Kurt Hoehne looks at the Race to Alaska and the Team Pure and Wild proa entry.
By Kurt Hoehne
In today’s world, there are few adventures with Big Questions. It seems every adventure has been done at least once before. Somebody’s going to find a new route to the summit, win the game on a superlative performance or lucky bounce, or find that extra bit of speed around the race. Those are relatively Little Questions.
Maybe that’s the appeal of the inaugural Race to Alaska (R2AK). It asks Big Questions. There aren’t a whole lot of rules other than make your way to Ketchikan via boat. The boat can’t have an engine and has to pass through only three checkpoints along the way. Use whatever boat you want and go the route you want.
There’s no big safety equipment checklist (there is a little one, however). There are no scantlings to adhere to, no nanny boats to accompany the fleet. The race organizers are leaving it to the competitors to manage the dangers themselves.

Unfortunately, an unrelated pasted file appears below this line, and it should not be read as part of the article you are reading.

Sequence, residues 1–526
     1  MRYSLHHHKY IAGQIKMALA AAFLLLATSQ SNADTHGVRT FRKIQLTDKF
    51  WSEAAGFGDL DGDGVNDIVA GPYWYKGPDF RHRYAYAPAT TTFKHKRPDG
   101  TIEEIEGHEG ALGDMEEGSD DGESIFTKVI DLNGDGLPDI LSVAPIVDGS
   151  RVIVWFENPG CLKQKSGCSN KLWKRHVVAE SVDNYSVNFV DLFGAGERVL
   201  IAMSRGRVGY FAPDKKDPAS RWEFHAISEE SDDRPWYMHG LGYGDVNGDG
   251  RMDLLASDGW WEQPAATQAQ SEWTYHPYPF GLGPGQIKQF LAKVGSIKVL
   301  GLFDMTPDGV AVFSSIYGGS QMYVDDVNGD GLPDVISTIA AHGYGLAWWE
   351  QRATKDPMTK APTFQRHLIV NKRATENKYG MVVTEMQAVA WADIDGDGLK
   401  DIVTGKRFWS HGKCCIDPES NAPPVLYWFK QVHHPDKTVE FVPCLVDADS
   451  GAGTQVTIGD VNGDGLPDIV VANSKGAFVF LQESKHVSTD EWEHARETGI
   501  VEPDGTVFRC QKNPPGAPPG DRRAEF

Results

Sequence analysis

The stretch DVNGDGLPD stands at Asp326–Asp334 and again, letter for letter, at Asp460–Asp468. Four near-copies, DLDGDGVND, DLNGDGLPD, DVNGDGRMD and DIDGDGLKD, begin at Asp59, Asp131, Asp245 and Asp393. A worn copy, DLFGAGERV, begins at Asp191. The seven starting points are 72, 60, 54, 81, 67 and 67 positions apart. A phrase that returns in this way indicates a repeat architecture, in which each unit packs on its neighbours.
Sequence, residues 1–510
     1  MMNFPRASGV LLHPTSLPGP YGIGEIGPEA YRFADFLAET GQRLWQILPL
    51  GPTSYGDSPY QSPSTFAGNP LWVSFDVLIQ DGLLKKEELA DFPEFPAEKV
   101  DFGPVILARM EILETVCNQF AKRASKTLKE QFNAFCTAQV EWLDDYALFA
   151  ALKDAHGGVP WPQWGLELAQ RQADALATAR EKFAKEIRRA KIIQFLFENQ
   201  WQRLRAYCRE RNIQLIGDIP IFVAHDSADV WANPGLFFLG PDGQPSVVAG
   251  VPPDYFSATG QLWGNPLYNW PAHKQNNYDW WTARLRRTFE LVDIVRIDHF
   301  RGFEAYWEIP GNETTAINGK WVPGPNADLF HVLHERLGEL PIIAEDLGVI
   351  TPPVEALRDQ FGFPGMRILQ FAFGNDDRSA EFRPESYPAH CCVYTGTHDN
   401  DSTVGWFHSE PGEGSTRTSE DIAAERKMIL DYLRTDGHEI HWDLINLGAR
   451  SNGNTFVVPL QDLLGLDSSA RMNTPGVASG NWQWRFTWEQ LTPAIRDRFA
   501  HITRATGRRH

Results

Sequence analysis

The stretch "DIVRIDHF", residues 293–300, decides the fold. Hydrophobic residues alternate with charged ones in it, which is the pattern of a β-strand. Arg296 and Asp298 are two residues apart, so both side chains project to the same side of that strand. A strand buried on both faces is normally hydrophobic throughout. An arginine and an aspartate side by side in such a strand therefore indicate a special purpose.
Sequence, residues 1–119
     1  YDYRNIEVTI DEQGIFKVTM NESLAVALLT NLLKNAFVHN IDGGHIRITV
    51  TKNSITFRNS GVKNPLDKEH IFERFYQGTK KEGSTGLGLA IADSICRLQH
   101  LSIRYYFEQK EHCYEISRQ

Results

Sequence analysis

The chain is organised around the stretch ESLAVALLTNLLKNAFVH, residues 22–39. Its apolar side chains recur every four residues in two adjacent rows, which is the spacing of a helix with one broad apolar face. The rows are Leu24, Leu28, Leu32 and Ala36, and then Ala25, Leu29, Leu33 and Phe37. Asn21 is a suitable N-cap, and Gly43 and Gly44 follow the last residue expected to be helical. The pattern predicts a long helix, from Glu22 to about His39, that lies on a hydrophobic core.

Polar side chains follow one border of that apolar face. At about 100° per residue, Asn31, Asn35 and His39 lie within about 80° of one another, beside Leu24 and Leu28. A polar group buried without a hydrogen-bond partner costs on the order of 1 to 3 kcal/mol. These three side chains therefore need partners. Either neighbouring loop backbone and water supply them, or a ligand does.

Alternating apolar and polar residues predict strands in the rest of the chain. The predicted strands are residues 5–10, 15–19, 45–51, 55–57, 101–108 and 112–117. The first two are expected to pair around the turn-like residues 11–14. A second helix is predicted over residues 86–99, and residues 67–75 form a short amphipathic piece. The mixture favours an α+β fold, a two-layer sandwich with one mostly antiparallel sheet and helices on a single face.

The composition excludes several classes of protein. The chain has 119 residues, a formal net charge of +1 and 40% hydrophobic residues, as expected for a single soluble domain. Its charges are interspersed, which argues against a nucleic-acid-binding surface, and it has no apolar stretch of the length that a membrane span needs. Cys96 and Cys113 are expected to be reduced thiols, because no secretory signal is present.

“It’s like the Iditarod. With a chance of drowning, being run down by a freighter or eaten by a grizzly bear.”
– from the Northwest Maritime Center R2AK web site and promotional material.
To understand the race, you have to know a little bit about the race founder, Jake Beattie. He’s a Northwesterner through and through. He spent 3 years on tall ships, three years with Outward Bound, worked in commercial shipping sector and at the Center for Wooden Boats. He is now the Executive Director at the Northwest Maritime Center in Port Townsend. To say he’s passionate about getting people on the water is a profound understatement.
It doesn’t take much to get him to say what he really feels about boating. “Boating is in trouble,” he says. “Every year a new gadget comes out and every year it gets more expensive. At the same time disposable income and the middle class are decreasing.”
Praise Neptune! We’re with you Jake, go on!
story continues here Wave Writer – The Iditarod with a Chance of Drowning on Northwest Yachting